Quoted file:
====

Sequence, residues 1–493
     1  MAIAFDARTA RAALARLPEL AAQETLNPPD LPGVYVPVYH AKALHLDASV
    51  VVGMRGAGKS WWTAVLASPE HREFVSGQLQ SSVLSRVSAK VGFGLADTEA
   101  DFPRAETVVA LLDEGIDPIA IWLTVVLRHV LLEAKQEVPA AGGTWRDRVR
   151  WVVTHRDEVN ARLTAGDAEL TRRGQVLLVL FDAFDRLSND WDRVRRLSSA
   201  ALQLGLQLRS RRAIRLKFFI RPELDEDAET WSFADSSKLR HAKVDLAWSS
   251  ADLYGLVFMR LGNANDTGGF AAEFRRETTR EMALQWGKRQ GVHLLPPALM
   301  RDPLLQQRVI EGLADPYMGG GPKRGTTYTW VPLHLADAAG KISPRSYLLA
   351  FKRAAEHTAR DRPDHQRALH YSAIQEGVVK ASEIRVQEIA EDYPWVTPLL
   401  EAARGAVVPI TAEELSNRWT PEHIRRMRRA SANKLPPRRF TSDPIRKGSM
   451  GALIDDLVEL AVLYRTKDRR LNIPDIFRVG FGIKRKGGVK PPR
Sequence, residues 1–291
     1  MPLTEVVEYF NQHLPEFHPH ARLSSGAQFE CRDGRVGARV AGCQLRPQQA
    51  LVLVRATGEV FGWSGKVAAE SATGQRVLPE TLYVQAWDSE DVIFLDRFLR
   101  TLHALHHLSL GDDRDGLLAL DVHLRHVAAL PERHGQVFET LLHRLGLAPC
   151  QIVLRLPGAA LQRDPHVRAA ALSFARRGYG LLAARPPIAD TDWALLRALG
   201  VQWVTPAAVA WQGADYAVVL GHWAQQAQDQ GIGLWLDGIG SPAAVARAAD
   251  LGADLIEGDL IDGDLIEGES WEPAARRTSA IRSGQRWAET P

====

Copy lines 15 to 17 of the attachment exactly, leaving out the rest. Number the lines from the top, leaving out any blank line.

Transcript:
   101  TLHALHHLSL GDDRDGLLAL DVHLRHVAAL PERHGQVFET LLHRLGLAPC
   151  QIVLRLPGAA LQRDPHVRAA ALSFARRGYG LLAARPPIAD TDWALLRALG
   201  VQWVTPAAVA WQGADYAVVL GHWAQQAQDQ GIGLWLDGIG SPAAVARAAD